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Totemo oishii desu.

Old house Tokyo
(The old house off Meguro-dori, currently revamped/updated. I don’t miss it much)
          Some of my students wrote on a generic topic last week for their final timed essay:
        Describe a moment in your life when you felt as if you were a “stranger in a strange land.”
       I know. Somewhat akin to a WordPress prompt. Bland. Meh. It’s not as if we’ve much choice in topic inventiveness though as the timed essay is designed to be banal. Quantity over quality, as ever. And, naturally, most of the responses were of the “first-day-of-college” variety. The most interesting few among them took the term ‘strange land’ to mean just that — a STRANGE land, completely out of one’s sense of normalcy and comfort, where ‘culture shock’ can make one physically ill.
        So while the topic itself wasn’t much of a prompt for me, the few who’d written on what I immediately, weirdly identified with, did inspire me to write today.
        Every term, when my students learn that I’d once lived in Tokyo, they ask me what I’d thought of it, what was it “like,” that kind of thing. Every term, I tell them the same thing (which may change due to current tastes in film):
        There’s this one scene in the American version of The Grudge (Ju-on), where Clea DuVall’s character’s in a Tokyo supermarket, browsing shelves of dry goods, and she can’t decide what to buy because she can’t read anything on the packets and labels. She just starts opening up all the containers and boxes and then peering and sniffing at whatever’s inside. It’s not the most memorable scene, of course, because The Grudge is meant to be just a horror movie, but to me, the remake is a film about foreigners suddenly thrust into a sense of extreme culture shock, a place where nothing is familiar at all, and even if one’s adept at getting around, there will always be that feeling of being the Other, the one who’s overtly Different.
(She correctly guesses ramen.)
         I’d lived in countries that were different, places where I’d felt Different, but it was nothing like the jolting otherworldliness of living in a place where I couldn’t read the street and shop signs, never mind the labels, at all; a place that had ancient rituals and traditions interwoven with Westernized marketing and bizarre cross-cultural capitalist mania; a place where I could get whatever I wanted if only I could discern one street, never mind one “-chome,” from another; a place where people and more people, noises and neon, stink and beauty were on 24-hour display. My husband had chosen this place, and I had to make the most of it.
        During my first day there, I was so overwhelmed by sensory chaos. The husband took me around our area, showing me the creature-comforts mere blocks from where we lived. None of it was a “comfort” though in that surreal landscape. For example, there was a 7-Eleven down one end of the street, a “konbini” (convenience store) that had cold udon and pickled plums during the summer; hot, alien ingredients for oden (a winter soup made up of fishcake, daikon radish, yam cake/”konnyaku,” and boiled egg) simmering in metal containers near the cash register and always onigiri (seaweed wrapped rice balls with a savory filling of some sort in the center) lining a couple of shelves in the refrigerated foods section.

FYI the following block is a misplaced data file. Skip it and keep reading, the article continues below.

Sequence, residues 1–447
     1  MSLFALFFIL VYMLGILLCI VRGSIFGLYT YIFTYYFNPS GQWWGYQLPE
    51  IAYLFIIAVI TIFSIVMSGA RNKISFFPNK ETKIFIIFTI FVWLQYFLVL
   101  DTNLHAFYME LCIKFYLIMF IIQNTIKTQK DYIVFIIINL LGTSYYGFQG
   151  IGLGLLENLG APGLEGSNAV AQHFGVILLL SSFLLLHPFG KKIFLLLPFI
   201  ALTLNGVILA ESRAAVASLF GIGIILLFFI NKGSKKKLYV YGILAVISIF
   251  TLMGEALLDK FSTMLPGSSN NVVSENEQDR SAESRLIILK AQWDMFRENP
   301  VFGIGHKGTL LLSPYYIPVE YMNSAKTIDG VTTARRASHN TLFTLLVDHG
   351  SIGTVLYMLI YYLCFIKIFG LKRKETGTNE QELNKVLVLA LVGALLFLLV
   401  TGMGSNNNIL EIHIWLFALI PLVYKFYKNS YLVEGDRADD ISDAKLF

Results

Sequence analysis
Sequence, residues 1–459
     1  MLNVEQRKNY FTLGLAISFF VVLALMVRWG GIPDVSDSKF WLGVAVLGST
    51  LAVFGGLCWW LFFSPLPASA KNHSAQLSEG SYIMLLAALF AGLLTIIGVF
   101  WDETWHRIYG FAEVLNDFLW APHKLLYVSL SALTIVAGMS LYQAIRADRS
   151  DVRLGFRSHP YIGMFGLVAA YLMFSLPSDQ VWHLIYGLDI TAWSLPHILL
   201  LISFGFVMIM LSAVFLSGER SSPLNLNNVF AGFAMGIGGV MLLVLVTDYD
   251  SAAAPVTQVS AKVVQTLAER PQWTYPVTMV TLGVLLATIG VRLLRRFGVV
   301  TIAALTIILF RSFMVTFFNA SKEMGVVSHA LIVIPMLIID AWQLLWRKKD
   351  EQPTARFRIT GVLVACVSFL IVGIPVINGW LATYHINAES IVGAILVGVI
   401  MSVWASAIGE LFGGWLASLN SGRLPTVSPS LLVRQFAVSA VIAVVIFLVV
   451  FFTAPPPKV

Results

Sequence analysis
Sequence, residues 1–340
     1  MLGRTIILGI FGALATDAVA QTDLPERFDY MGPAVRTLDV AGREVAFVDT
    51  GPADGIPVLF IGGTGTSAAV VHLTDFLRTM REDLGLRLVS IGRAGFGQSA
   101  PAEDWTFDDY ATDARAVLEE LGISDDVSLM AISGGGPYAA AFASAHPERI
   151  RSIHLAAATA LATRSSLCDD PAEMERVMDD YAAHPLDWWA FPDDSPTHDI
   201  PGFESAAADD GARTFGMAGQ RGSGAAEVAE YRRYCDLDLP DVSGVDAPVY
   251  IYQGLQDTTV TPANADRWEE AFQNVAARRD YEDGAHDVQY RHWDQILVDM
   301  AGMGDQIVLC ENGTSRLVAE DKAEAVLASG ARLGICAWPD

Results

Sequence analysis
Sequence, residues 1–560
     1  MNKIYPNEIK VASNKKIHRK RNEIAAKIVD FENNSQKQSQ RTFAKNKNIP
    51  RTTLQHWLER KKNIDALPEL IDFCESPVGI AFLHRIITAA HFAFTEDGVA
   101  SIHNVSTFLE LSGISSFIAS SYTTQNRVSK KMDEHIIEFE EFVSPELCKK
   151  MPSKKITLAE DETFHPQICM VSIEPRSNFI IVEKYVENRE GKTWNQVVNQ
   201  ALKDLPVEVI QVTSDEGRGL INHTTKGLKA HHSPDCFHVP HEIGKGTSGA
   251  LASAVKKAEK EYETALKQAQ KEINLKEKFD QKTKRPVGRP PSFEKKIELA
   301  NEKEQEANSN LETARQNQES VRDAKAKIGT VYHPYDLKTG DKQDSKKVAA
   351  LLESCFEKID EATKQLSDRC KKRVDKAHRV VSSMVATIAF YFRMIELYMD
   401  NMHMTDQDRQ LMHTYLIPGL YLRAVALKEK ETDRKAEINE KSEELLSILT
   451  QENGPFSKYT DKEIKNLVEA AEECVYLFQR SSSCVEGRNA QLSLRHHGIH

(Konbini oden.)
(Onigiri. Whatever was in them was often a surprise for me since I couldn’t read the labels.)
        Down the opposite end of the road was a Denny’s…
…not a Denny’s I was remotely familiar with — I mean,  I couldn’t get a correct version of Moons Over My Hammy — but it was certainly a Japanese version of Denny’s complete with stuff like tonkatsu, curry dishes, and cream Animatsu “sundaes” consisting of green tea ice cream, red bean paste, and balls of mochi. Oh, and the servers were all abnormally cheerful.
        Our nearest train station was in Jiyugaoka, made popular for its shopping area famous for boutiques and strange attempts at Euro-chic.
(Across from the closest station/”eki”, a mass of shops, cafes, pachinko parlors, French patisseries, and bars)
        I was unable to do much on my own during the first couple of days since I was paralyzed with all sorts of emotions — fear, trepidation, excitement, panic, fury, awe, sadness, even more fear…It didn’t help that I’d not lived in such a monstrously huge city for a number of years. I’d forgotten what it was like to have everything right there and so absurdly expensive. I was also heavy with jet lag, something I was familiar with, but I’d never gotten used to it at all. I just slept for a couple of days after my “welcome” tour from my husband, who was always ready to go-go-go, always wanting more. How I hated his energy.
        On day four, I was startled out of my foggy haze by a man’s chirrupy voice over a loudspeaker, singing that “yakiimo” was “totemo oishii OISHII,” just outside our house. I’d hear this song playing nearly every day during the colder months. There were these little trucks and vans traveling around the area, their connected loudspeakers belting out singsongy, squeaky-voiced tunes (much like our ice cream trucks), advertising various services, everything from laundry to — as I found out later — yakiimo (stone-cooked sweet potatoes).
(Yakiimo truck where the loudspeaker song promised how buttery-“oishii”/tasty-good their potatoes were…and yeah, they totally were.)